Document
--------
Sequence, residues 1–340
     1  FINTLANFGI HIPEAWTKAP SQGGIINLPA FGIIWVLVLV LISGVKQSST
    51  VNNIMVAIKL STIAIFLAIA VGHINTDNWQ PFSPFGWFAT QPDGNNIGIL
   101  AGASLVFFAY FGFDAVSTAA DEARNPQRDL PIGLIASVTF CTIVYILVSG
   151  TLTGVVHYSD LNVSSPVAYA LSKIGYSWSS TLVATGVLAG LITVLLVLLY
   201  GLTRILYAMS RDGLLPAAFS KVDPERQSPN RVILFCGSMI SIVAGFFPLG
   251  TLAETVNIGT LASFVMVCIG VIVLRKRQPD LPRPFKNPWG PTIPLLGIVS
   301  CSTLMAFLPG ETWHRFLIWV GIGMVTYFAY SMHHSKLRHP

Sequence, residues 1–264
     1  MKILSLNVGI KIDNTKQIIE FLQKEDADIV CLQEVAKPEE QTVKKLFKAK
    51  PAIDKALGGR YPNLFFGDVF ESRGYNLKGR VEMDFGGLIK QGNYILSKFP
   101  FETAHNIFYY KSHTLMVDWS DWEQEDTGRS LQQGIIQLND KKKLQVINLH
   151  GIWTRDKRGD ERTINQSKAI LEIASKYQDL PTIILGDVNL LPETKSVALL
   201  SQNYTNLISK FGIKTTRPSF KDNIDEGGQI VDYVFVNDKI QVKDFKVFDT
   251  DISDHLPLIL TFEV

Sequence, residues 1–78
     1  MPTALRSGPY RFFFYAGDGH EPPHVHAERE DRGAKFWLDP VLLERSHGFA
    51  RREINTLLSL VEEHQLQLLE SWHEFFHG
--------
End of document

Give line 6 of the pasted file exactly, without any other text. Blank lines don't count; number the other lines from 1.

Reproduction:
   201  GLTRILYAMS RDGLLPAAFS KVDPERQSPN RVILFCGSMI SIVAGFFPLG